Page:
Are you adequately prepared?

An article I happened across recently, raised for me an interesting leadership principal from the story of poor old Humpty. Mr Dumpty obviously required considerable preparation and assistance to arrive at the top of this very high wall; perhaps this was by means of a ladder or a rope. Eggs are not equipped to climb, unless I missed something in my biology lessons. However, despite all the thorough preparations for the ascent, Mr Dumpty did not consider the possibility that an uncontrollable circumstance such as a loss of balance, a strong wind, a flock of birds, something, could challenge his position. He didn’t prepare to maintain his position, nor protect himself against serious balance risks, and the end result as we all know, was a great fall.
It may sound folly to suggest a Christian leadership principal from a nursery rhyme, however as I get to meet pastors and leaders around the country, I am struck by the repetition of the Humpty Dumpty story. Christian leaders often invest so much of their time and and emotional energy into getting ready for services, for meetings, for dealing with the next growth challenge, that they fail to recognise how precariously balanced their life is. Perhaps they fail to take stock on their marriage, their relationship with co-workers, their walk with Christ, and they subsequently allow themselves to get into the most precarious of positions on top of the wall.
Whilst a fall might not necessarily risk physical damage to themselves, there is nevertheless damage done to those around them. Perhaps a child of a leader who now views church differently because of the cost it has had on their parent. Maybe a wife or husband who feels like an ‘also ran’ in comparison to the work of their partner as a Christian leader.  Maybe a damaged leadership team as the result of an uncharacteristic outburst, because the leader was ‘stressed.’ I am sure many of us could insert further examples from our own experience.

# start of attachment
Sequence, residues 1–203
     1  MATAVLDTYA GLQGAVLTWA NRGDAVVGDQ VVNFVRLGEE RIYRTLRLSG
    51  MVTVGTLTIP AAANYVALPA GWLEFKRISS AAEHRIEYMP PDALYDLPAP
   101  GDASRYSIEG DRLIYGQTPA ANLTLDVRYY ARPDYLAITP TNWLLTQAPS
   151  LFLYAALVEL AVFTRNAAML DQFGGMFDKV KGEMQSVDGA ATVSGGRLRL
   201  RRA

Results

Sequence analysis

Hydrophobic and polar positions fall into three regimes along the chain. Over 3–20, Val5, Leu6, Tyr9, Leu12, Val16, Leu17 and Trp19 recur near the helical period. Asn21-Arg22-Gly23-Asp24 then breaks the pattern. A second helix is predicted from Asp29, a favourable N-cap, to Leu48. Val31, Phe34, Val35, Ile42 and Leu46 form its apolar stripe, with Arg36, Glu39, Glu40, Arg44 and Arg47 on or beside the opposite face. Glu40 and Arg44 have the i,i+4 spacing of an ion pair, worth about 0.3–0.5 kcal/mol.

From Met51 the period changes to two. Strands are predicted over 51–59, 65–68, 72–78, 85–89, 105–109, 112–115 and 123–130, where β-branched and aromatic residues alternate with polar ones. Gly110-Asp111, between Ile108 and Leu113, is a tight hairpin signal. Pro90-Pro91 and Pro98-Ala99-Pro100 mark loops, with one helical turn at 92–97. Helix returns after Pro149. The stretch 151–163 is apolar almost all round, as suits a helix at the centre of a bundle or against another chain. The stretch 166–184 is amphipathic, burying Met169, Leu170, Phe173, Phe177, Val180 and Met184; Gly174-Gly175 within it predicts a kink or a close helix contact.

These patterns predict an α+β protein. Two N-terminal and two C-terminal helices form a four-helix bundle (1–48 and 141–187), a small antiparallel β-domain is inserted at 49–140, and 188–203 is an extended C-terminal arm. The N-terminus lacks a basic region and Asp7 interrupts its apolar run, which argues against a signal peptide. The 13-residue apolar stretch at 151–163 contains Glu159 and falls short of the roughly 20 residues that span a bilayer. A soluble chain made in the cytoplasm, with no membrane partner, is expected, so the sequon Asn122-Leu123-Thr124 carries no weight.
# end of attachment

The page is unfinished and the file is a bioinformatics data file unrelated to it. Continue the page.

And yet the Christmas period is often one of the busiest times in the calendar of a Christian leader, as we search for an idea to explain the nativity story from a fresh perspective at the community carol service. How might we prepare and protect ourselves?
Firstly, increase the time you spend with God in quiet. Me and the Lord often enjoy a coffee first thing in the morning; I sit and sip, and the Lord sits in the other chair. We both listen, but here’s the thing; the quieter I am, the more He seems to speak. This time of listening gives me perspective, and often a nudge to go and say sorry to the people I upset the day before.
Secondly, to do something that re-creates you. For me, it is either dog walking, shifting a trailer load of horse muck with a tractor, or working in the garden. You no doubt will have different things that help you. It is important that we don't fill our lives so much with the work of the Lord, that we forget who He created us to be in the first place.
Thirdly, find someone you can have a very honest conversation with about how things are between you and God. I have a wise man who acts as my spiritual director with whom I meet every six weeks. He has a real knack of asking just the right thing, and helping shed light on some of the things I would rather keep in the dark.
Finally, book some time off. I invite you to get your calendar and if you haven't already, circle some days after Christmas, where you can get some quality rest. Those of us who are called to leadership are often the worst at obeying the 4th commandment, so ensure you have at least three days together where you can recharge your batteries.
These steps are by no means a guarantee that we will not still fall off the odd wall, but they will help to ensure we don't end up with too much egg on our faces! 

Simon Mattholie